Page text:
If you have a head for heights but no mountaineering skills, then these lifts, cable cars and trains hoist you to some of the planet's highest places.
Qingzang Railway, Tibet, China
The Qinghai-Tibet is world's highest railway line, running for 1956 kilometres between Xining and Lhasa and hitting its highest point at 5072 metres. The world's highest station, Tanggula, sits at 5068 metres below a glacier. Pressurised train carriages are topped up with oxygen for the comfort of passengers as they gaze out at outsized mountains, glacial rivers and herds of yaks. See chinatibettrain.com
Jungfrau Railway, Interlaken, Switzerland
The red train to the Jungfrau opened in 1912. It runs past cow-chewed meadows and waterfalls towards snowy peaks, bores through tunnels in the Eiger's north face, and deposits you at Europe's highest train station at 3454 metres. You get a panorama of Alps and views all the way to Germany. A new part-way Eiger Express cable car from Grindelwald now shortens the journey. See jungfrau.ch
Burj Khalifa elevators, Dubai, UAE
The world's tallest lift descends well over two kilometres into a South African mine, but tourists will have to make do with those in the 830-metre Burj Khalifa, the world's tallest building. The longest elevator runs 140 floors and rises at 10 metres per second allowing you to visit the world's highest observation deck (555 metres) with no strain on your lungs. See burjkhalifa.ae
Peak 2 Peak Gondola, Whistler, Canada
Although this gondola doesn't reach impressive heights, it provides the world's biggest drop at the point where it crosses a creek, 436 metres below. For a while it was the world's longest free span between supporting towers at just over three kilometres. It connects Whistler to twin ski area Blackcomb in 11 minutes and provides staggering views over mountains, glaciers and coastal rainforest. See whistlerblackcomb.com
Imperial Express, Breckenridge, USA
North America's highest chairlift is short (three minutes) but rises to 3914 metres just beneath Peak 8 at this Colorado ski resort. Rug up, since Breckenridge is cold and windy and this lift is particularly exposed above the tree line. Wind often shuts it down. You get a banging Rocky Mountains panorama but face tough skiing on the way down, with most runs rated double-black diamond. See breckenridge.com
Central Andean Railway, Peru
The world's second-highest railway line, built for mining but now also running tourist trains, leads through sumptuous Andean scenery between capital Lima and Huancayo in the central highlands. The corkscrew track will make you dizzy. The 13-hour journey involves 66 tunnels and 59 bridges and tops out at 4782 metres. Coca tea, a stimulant said to combat altitude sickness, is in free flow. See ferrocarrilcentral.com.pe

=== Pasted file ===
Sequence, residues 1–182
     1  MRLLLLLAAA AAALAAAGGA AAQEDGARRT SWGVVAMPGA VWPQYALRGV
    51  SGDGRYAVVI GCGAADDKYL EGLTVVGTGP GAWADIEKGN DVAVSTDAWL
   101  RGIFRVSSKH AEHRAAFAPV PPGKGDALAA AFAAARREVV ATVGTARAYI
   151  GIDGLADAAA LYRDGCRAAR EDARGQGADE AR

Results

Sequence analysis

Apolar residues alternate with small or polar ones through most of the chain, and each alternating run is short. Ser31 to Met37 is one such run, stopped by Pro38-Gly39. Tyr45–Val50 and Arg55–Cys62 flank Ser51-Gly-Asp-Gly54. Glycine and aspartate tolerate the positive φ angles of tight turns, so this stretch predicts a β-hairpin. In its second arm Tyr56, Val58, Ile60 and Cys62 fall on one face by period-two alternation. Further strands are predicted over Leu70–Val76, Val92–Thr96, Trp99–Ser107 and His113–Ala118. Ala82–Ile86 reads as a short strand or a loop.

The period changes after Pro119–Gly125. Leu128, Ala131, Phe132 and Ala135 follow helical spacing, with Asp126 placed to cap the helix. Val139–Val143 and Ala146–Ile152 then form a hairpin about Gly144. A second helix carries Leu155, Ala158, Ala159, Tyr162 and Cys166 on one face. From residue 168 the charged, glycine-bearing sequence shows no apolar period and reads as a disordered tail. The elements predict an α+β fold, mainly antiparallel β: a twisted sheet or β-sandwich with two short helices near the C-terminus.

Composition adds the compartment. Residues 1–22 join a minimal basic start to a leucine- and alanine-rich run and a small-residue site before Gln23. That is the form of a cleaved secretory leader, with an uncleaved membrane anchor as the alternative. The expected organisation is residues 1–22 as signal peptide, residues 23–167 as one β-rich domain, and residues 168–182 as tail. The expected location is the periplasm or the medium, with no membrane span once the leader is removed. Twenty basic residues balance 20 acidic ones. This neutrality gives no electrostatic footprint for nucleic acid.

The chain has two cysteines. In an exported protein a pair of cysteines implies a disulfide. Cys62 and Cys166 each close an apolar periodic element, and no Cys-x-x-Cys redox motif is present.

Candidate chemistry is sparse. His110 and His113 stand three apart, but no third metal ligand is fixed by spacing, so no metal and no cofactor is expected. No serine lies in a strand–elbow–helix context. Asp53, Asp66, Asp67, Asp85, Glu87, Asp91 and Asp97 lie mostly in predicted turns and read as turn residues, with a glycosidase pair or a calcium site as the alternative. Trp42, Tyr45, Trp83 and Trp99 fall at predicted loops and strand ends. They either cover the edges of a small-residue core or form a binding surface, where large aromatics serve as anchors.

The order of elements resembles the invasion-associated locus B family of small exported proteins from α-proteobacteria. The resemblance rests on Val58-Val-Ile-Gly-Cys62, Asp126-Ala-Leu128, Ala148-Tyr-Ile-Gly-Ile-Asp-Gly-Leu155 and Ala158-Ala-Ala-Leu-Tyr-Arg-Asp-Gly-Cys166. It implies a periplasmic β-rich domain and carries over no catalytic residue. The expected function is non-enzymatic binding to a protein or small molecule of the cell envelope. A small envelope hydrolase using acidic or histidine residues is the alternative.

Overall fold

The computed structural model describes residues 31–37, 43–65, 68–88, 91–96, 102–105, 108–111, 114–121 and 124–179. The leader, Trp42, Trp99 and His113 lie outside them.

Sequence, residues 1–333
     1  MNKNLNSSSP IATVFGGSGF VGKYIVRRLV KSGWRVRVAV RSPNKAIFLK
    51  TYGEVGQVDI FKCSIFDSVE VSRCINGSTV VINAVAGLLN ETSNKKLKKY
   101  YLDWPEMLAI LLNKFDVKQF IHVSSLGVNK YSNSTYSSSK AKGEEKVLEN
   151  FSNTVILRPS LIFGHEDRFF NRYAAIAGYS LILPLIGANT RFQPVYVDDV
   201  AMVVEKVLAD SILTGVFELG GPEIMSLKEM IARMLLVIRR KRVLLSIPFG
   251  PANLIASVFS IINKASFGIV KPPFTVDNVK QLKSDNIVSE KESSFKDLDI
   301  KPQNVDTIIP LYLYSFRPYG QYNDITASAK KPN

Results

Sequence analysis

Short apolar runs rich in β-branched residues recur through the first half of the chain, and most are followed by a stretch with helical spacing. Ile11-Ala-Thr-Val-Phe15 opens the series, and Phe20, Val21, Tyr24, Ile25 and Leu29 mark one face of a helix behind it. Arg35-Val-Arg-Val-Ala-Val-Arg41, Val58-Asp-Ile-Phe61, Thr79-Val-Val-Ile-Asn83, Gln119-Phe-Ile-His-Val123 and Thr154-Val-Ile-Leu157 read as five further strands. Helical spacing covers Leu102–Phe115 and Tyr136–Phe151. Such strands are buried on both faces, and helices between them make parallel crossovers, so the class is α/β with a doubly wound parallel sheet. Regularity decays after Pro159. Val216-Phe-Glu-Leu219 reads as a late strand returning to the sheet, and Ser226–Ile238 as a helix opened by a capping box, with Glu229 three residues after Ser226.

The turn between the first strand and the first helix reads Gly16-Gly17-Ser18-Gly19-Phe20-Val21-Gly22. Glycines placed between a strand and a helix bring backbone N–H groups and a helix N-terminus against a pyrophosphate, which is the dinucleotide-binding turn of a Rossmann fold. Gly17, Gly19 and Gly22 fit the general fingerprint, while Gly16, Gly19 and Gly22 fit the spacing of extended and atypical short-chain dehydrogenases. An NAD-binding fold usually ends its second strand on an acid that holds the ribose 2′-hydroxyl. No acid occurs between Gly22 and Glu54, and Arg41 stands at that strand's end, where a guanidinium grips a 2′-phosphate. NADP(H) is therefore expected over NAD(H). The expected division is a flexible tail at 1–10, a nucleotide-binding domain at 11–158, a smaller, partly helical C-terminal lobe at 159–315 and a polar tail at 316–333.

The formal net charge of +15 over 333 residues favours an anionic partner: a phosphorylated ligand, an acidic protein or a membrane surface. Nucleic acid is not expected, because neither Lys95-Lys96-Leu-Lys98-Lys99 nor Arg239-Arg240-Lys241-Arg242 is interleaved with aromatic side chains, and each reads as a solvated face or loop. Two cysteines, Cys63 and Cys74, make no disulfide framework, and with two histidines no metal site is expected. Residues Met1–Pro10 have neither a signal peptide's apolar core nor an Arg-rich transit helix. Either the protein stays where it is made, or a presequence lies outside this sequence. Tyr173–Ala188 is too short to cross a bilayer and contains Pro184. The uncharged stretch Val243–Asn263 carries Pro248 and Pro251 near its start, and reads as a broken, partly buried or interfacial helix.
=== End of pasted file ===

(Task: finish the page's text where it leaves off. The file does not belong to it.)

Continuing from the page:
Main Gondola, Gulmarg, India
Gulmarg in the Himalayas is the world's highest ski resort, and no ski lift gets you higher than 3980 metres. Skiers can opt to chicken out at the halfway station and use groomed slopes; skiing from the summit requires tackling wall-like, ungroomed runs that plunge 930 metres. Non-skiers can simply admire the views over Kashmir and towards Naga Parbat, an 8126-metre peak. See skigulmarg.com
Bailong Elevator, Zhangjiajie, China
This glass double-decker lift rises 326 metres up a cliff, making it the world's tallest outdoor elevator and reducing the effort of getting to the summit viewpoint from a multi-hour hike to just under two minutes as magnificent scenery rises around you. Its operates amid a World Heritage-listed scenic area of spectacular pine-clad outcrops of rock straight from a Chinese scroll painting. See zjjnfp.com
Cog Railway, Pikes Peak, USA
A 3.5-hour return train ride takes you up this 4302-metre Colorado peak wedged among dozens of others in the Rocky Mountains. This has been the world's highest and longest cog railway since 1891 – but don't fret, tracks have been reconstructed, trains renewed and the whole thing was reopened in 2021 after a US$100 million refurbishment. A super-sustainable new visitor centre sits at the summit. See cograilway.com
Merida Cable Car, Venezuela
Travel to Venezuela isn't currently advised, but this deserves a mention because no other machinery other than a train gets you higher than this recently rebuilt series of four cable cars from Merida to Pico Espejo at 4756 metres. It has outlooks to Venezuela's highest mountain whose summit is only 222 metres higher than the viewing platform. The final section travels 3.5 kilometres between support towers, also a world record.
Brian Johnston has travelled as a guest of numerous tourism offices and travel companies.